The Suite during J S Bach's period
During J S Bach's period the standard order of the suite was: Allemande-
Apart from "simple" suites, Bach composed 6 "French" suites, 6 "English" and 6 partitas all of them written for for harpsichord or clavichord . It is not clear why he called them "English" and "French". In case of partitas and English suites there is always a prelude .
The dance parts were written in AB form. The B part is extended in such a way that portends the sonata form. Regarding the style, dances of the optional part are in contrast with the rest. They are simpler and much more of dancing character . This is because the Allemande, Courante, Sarabande and Gigue which are old parts, dating from the 16th century, they were no longer "dances" during Bach's period . Rhythmically, they were weakened and they had already become more sophisticated in terms of music and style. On the other hand, the optional dances derived from French ballets of the 17th century (JB Lully) , so they had maintained their actual dance music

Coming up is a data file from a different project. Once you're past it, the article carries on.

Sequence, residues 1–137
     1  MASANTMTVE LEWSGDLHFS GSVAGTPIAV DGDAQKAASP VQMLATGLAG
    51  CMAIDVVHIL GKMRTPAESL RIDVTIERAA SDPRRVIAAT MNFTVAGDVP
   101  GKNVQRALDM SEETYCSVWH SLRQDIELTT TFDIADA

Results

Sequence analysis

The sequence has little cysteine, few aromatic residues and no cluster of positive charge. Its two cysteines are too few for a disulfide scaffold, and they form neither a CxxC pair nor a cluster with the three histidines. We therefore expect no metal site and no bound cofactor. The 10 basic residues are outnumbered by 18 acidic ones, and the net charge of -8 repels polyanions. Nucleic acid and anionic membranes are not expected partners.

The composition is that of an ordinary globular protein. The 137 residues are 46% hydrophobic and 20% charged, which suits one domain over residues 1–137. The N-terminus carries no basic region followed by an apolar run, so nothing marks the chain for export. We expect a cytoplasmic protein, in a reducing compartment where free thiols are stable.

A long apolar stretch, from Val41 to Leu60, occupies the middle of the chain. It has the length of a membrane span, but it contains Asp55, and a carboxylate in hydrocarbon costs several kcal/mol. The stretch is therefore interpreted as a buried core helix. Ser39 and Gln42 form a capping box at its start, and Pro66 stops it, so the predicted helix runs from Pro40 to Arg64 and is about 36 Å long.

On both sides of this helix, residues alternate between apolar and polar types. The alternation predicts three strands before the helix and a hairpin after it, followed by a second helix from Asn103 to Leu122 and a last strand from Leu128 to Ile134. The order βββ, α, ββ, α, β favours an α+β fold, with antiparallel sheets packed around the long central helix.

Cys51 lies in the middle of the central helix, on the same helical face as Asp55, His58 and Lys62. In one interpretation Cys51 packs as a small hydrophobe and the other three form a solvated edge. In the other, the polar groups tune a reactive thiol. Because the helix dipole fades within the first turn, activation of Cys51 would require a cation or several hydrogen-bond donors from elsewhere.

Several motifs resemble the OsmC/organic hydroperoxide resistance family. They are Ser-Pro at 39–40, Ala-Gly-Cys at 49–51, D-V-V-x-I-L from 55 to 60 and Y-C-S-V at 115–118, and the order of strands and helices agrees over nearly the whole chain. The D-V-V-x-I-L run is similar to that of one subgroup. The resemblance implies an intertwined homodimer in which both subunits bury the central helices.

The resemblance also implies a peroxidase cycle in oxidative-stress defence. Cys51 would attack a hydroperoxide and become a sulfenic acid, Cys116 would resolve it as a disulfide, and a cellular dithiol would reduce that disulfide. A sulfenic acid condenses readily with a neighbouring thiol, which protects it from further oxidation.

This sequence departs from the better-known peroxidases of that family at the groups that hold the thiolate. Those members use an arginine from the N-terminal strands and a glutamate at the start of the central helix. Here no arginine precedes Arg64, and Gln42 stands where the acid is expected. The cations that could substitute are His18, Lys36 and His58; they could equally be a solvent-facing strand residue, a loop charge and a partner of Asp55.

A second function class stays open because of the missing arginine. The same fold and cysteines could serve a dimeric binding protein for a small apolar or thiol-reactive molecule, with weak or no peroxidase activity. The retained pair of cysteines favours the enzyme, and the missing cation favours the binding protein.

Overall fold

Originally the term was used for compositions written in one part (16th and 17th century). However, later German composers, especially Bach, used this term to collections of musical pieces. So the word became synonymous of suite. Bach wrote two collections of partitas for various instruments. The partitas of Bach are called "German suites" sometimes by analogy with the "English" and "French" suites.
1.Willi Apel, Harvard dictionary of music, second edition, eighth printing.
2. 6 Partitas, BWV 825-
3. 6 French Suites, BWV 812-
Bach Partita No.3 in E major, BWV 1006 (III. Gavotte en Rondeau)